Graham: Yeah, no, most definitely.

Chris: One of the things that we’ve taken is, hey, we’ll give you a checklist, right? So, like our video, if you follow our video, if you leave us a comment, there are tools out there that you can say, we’ll send you this checklist or this guidebook, or this tool, or whatever, and we’ll capture you know, and of course, it’s a DM, but then it’s go to my website and asks for your email. You know, so trying to capture some of that stuff. And certainly, again, it’s not always about making a sale. It may also just be about continued education.

Building trust and authority with video content

Graham: Exactly. It’s about building that trust and what you guys are doing with that is so key because you’re establishing that authority. Like whom you are, people are building that personal connection. Before they even get into a meeting with you, they’ve seen your stuff and that it may not be the direct sale from like, oh, I posted this video, and it got me a sale directly like that it’s more that long time horizon. That is it, when you do get that sale, it’s going to be a much higher quality person, they’re going to have much more trust in you, they’re going to stay with you longer. And that’s one of the benefits of using video content is having that piece behind it, that trust.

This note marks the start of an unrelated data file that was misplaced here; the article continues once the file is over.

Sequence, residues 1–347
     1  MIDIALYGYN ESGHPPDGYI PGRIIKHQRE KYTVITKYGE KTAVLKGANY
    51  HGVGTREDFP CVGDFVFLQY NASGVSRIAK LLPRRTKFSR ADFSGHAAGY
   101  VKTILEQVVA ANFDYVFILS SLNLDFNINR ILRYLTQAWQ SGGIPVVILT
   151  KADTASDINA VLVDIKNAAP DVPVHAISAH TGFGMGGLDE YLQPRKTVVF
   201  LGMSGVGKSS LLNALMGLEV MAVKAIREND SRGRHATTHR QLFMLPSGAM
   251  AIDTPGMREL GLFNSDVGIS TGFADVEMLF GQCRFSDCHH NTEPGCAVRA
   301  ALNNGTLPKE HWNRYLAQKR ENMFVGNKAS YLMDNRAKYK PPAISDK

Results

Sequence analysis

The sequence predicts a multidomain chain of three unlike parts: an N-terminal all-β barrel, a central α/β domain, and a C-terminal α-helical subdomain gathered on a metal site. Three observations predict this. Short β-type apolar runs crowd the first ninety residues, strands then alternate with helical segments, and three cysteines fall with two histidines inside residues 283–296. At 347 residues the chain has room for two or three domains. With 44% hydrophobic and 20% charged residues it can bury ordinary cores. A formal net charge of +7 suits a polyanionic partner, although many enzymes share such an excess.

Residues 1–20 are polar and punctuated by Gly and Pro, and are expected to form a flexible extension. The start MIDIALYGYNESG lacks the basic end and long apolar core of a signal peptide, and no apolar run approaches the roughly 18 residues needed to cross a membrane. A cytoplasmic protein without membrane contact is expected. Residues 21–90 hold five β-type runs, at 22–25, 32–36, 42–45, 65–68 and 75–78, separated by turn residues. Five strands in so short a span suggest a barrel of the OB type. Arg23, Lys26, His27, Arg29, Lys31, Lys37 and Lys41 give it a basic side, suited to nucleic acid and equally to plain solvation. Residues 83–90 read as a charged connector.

Chris: It’s true, trust, authority. I mean, Jon, who’s our marketing director always comes back to me and says, you know, 90% of the buying decision is made before they even talk to you. And we take that seriously. And we try to build that trust and that authority and give you as much information as you need to make that buying decision before you even pick up the phone or send me a DM or any of those things. I mean, you know, that’s, that’s important to us. And yeah, and because quite frankly, you know, we’re busy, right? I don’t want to talk to you and give you the dog and pony show. If you don’t think you want to buy from us, that’s fine. But we’ve also seen, you know, certainly with all the analytics and the tools that are out there, we’ve had prospects that have noodled around our website, interacted with our videos, and everything in between, for sometimes 8 to 12 months. Then they finally reach out. So, we see those through our software and tools that we use, like, hey, this person isn’t engaged yet. We obviously continue to build that trust, and, and so forth.